Run by School of History, Law and Social Sciences
20.000 Credits or 10.000 ECTS Credits
Organiser: Dr Teresa Crew
Overall aims and purpose
Social policy is everywhere - from TV's love affair with 'benefits cheats', to when you see someone selling the Big Issue or the latest gaffe by an MP. In its broadest sense, social policy aims to improve the well-being of society. This module focuses on how and why certain social issues become identified as ‘social problems’. We will unpack classic ‘social problems’ such as homelessness, domestic abuse, poverty and NEETs and identify the way in which social policy responds to these problems. We will then consider if there are other methods that could address these societal concerns.
The workshop format will use local and contemporary social problems Subjects may include, but are not limited to:
- Basic income - a way to tackle class and income inequalities
- Gypsy Travellers: the last ‘acceptable’ form of Racism
- Helping young people who are not in education, employment or training
- Tackling hate crimes
Understands concepts such as equality, diversity, stereotyping, prejudice and discrimination in relation to social policy.
Provides a detailed description of the literature in this field.
Proposes policy recommendations for how the 'social problems' in the case study can be tackled.
Has a critical understanding of how concepts such as equality, diversity, stereotyping, prejudice and discrimination relate to social policy.
Can critically analyse relevant research
Proposes clear and well thought through policy recommendations for how the 'social problems' outlined in the case study can be tackled.
Shows a basic awareness of definitions of concepts such as equality, diversity in relation to social policy.
Provides a basic description of the literature in this field.
Provides recommendations that are not through through or relevant to the case study.
Become familiar with social inequalities relating to education, health, housing, employment, education policy as well as crime and criminal justice.
Be able to discuss a variety of 'social problems' either through group or individual work - whether it be written or oral communication.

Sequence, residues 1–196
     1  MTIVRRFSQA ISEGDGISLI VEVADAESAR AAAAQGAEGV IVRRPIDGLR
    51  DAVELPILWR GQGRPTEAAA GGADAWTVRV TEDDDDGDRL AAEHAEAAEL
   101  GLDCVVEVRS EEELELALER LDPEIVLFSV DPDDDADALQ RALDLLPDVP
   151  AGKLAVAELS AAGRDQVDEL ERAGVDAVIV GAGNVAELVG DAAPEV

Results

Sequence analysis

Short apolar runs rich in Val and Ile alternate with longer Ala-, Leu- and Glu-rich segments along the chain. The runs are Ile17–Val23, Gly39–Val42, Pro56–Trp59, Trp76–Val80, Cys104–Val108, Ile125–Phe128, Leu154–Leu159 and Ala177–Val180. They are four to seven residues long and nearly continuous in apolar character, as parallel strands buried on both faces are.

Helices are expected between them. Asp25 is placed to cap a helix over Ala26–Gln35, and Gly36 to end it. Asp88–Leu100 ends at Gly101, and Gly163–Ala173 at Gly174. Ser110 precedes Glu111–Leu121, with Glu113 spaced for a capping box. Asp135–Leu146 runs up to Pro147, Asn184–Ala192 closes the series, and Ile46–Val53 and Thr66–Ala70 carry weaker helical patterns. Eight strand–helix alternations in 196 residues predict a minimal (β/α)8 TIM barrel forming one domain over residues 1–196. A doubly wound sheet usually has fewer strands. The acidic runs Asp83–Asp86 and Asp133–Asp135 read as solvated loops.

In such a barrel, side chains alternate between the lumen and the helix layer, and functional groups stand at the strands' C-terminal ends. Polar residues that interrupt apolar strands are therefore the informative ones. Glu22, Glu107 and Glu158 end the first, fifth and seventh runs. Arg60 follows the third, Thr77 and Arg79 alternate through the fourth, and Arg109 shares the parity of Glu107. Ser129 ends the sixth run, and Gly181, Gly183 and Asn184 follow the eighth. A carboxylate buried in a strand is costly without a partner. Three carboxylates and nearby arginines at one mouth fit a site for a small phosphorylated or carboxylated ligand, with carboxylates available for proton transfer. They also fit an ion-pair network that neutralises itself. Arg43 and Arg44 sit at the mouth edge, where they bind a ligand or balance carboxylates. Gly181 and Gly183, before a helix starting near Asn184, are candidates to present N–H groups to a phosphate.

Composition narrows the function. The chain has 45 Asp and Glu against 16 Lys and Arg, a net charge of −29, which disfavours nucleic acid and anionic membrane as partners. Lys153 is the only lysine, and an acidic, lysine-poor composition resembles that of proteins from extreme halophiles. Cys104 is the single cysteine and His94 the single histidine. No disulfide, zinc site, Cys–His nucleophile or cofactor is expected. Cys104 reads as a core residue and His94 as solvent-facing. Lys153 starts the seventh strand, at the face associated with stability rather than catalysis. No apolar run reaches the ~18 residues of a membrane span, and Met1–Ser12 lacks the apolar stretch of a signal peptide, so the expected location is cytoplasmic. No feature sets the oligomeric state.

Makes policy recommendations for how to deal with inequalities and injustices
Understand concepts such as inequalities, equality, diversity, stereotyping, prejudice and discrimination in relation to social policy
|3,000 word essay||50.00|
|Social Policy Case Study||50.00|
Teaching and Learning Strategy
Two hour workshops x 12
Students will be expected to read up before or after each workshop or seminar so that they can contribute in discussion.
- Literacy - Proficiency in reading and writing through a variety of media
- Exploring - Able to investigate, research and consider alternatives
- Information retrieval - Able to access different and multiple sources of information
- Inter-personal - Able to question, actively listen, examine given answers and interact sensitevely with others
- Critical analysis & Problem Solving - Able to deconstruct and analyse problems or complex situations. To find solutions to problems through analyses and exploration of all possibilities using appropriate methods, rescources and creativity.
- Argument - Able to put forward, debate and justify an opinion or a course of action, with an individual or in a wider group setting
Subject specific skills
- Develop a sound appreciation of the variety of theories that comprise the discipline of social policy and how these impact on social policy interventions
- Become cognizant with key conceptual debates within the field of contemporary social policy
- Appreciate the value of and apply theoretical and methodological rigour to analyses of welfare issues;
- Be aware of the ethical, social and political contexts within which social policy practice and research is conducted and delivered
- Develop a knowledge and expertise with respect to a range of evidence-based policy making and practice.
- Develop a sophisticated understanding of the processes of social policy analysis and evaluation.
Talis Reading listhttp://readinglists.bangor.ac.uk/modules/sxp-3050.html
Courses including this module
Optional in courses:
- M113: LLB Law with Criminology (Intl Exp) year 4 (LLB/LIK)
- M1M9: LLB Law with Criminology year 3 (LLB/LWCR)
- M1MB: LLB Law with Criminology (4 yr with Incorporated Foundation) year 3 (LLB/LWCR1)
- M1MP: LLB Law with Criminology with Placement Year year 4 (LLB/LWCRP)